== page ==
Wednesday, 30 June 2010

The Legend of Hell House (1973)

Country: UK

This somewhat solemn and humourless departure into the splintered realm of the paranormal has stood the test of time exceptionally well. In recent years a lot of haunted house films have been all noise and no intelligence. Just because technology in sound design has reached an apex, that doesn’t mean one should feel duty bound to bombard the audience with an aural discharge that borders on an assault. When modern sound design goes hand in hand with CGI the results are cinematic artificiality on a par with 3D. The Legend of Hell House is a comforting return to an age when creativity was genuinely required in the sound department and where a real set could conjure an atmosphere unlike anything we see today. The blueprint is obviously Robert Wise’s film adaptation of The Haunting (1963). A film that rightfully holds a very prominent place in any discussion of ghostly goings on (or not goings on as the case may be) and although Hell House doesn’t quite reach the brilliance of that earlier film it still achieves a respectability within the form. Richard Matheson’s source material places a greater emphasis on deviant sexuality and past perversion, and plays up in a more aggressive manner the age old dichotomy between rational scientific thought and the irrationality of the psychic world. Matheson’s screenplay tones the novel down, but not to an extent that damages the film.

Sunday, 27 June 2010

Seven Deaths in the Cat's Eye (1973)


La morte neglic occhi del gatto
Seven Dead in the Cat's Eye
Cat's Murdering Eye

Seven Deaths in the Cat’s Eye is a serviceable and entertaining murder mystery, but one which sits uncomfortably within the giallo genre that history has consigned it too. The film makes far more effective use of its various gothic elements than it does the chic and camp ephemera of gialli. Instead of the action residing within the modern architectural centre of a bustling European city, we instead find ourselves in a small castle in the highlands of Scotland. There is little sense of a wider world, aside from some investigating police officers who regularly appear from nowhere during the film. The insularity and claustrophobia of the isolated setting adds a great deal of atmosphere to the proceedings as director Antonio Margheriti efficiently works through the conventions of the gialli plot. The plot complexities and the mounting red herrings do at least place this film within the narrative structure of the gialli, but visually this is one of the more unusual examples.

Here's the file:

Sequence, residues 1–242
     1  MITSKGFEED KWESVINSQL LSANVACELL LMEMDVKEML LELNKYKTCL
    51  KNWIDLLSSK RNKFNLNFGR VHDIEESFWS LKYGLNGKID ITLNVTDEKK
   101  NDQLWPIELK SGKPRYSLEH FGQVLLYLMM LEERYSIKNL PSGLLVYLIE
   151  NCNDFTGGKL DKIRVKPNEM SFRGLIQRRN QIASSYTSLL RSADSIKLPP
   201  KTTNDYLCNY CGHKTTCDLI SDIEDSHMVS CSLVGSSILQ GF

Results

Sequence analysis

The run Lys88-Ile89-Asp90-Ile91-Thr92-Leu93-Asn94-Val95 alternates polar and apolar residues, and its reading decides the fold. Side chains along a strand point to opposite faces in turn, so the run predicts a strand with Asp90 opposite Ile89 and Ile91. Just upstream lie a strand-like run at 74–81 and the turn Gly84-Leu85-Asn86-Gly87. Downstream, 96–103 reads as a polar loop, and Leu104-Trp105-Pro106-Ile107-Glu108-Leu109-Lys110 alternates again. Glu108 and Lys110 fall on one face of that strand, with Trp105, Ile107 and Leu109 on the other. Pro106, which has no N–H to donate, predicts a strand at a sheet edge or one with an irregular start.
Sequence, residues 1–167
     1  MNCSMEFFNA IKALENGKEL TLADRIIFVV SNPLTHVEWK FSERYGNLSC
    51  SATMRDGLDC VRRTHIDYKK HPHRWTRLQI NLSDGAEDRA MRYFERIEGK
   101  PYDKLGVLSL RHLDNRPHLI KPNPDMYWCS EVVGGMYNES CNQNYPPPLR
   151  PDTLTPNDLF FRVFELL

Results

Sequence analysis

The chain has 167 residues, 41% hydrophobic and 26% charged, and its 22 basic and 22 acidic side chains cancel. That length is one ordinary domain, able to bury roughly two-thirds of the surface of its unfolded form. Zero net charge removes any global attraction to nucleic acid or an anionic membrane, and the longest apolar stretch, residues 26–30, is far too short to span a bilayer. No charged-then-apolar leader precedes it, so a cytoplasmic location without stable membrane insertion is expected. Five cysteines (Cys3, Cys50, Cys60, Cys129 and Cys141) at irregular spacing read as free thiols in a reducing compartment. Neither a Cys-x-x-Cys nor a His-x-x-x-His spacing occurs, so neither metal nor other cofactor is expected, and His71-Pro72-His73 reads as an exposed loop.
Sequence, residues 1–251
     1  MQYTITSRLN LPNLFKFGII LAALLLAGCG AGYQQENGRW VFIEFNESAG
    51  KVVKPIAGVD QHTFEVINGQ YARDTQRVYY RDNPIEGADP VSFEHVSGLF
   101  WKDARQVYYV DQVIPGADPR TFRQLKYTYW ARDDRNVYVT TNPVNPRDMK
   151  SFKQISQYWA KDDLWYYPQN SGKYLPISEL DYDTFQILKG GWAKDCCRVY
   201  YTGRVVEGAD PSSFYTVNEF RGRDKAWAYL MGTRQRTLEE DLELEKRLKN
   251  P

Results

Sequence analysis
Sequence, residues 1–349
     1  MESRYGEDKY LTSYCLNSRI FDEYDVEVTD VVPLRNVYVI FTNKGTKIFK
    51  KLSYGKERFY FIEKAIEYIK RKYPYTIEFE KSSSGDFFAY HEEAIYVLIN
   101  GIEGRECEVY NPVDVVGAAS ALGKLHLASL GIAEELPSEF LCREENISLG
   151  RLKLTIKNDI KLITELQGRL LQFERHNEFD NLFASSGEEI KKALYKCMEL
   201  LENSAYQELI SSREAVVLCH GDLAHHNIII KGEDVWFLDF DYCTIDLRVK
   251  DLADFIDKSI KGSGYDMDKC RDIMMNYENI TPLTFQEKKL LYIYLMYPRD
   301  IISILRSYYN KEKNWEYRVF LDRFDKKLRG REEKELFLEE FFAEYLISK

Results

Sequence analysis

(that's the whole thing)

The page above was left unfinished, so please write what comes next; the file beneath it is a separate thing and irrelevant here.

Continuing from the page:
Friday, 25 June 2010

My Dear Killer (1972)


Mio caro assassino

This efficient and at times impressively staged gialli was directed by journeyman filmmaker Tonino Valerii. He spent much of the 1960’s working on spaghetti westerns performing the role of assistant director to Sergio Leone on A Fistful of Dollars (1964) and For a Few Dollars More (1964). Valerii also directed three of his own in this popular cycle before taking a change of the direction in the early 1970’s. This would be Valerii’s only attempt at a gialli and it would turn out to be both memorable and creatively successful. The film instantly benefits from the casting of George Hilton, who at the time, was an assured staple of popular Italian cinema. Hilton had previously appeared in the undistinguished gialli Next! (1971 aka The Strange Vice or Mrs. Wardh) and Case of the Scorpion’s Tale (1971) and brings with him the experience and gravitas required for the role of Inspector Luca Peretti.

Thursday, 24 June 2010

Don't Torture a Duckling (1972)

Country: ITALY

Non si sevizia un paperino
Don't Torture Donald Duck

Lucio Fulci is now a name that is firmly associated with a series of highly stylised and graphically violent horror films which he made between 1979 and 1983. This cycle of films, in a long and generically diverse career, eschewed a plausible attitude to plot construction and were riddled with the numerous continuity errors that came with a more surreal outlook to editing. In a peculiar twist of fortune this fragmented approach to screen time and space created an hallucinatory atmosphere which was highly appropriate to the Lovecraftian imagery on display. Whilst much discussion has centred on questions of authorship throughout Fulci’s oeuvre, it is perhaps more illuminating to approach his work from the position of genre. Fulci was one of many filmmakers operating in Italy that reacted to popular cycles, and he was particularly adept at shifting into different terrain. It was almost inevitable that Fulci would turn his hand to the gialli and his first attempt was the obscure curiosity Perversion Story (1969, aka One on Top of the Other). He followed this with A Lizard in a Woman’s Skin (1971), Don’t Torture a Duckling (1972) and The Psychic (1977). Don’t Torture a Duckling is easily the most accomplished of these and emerges as not only an excellent example of the form, but also as a strong contender for Fulci’s finest film.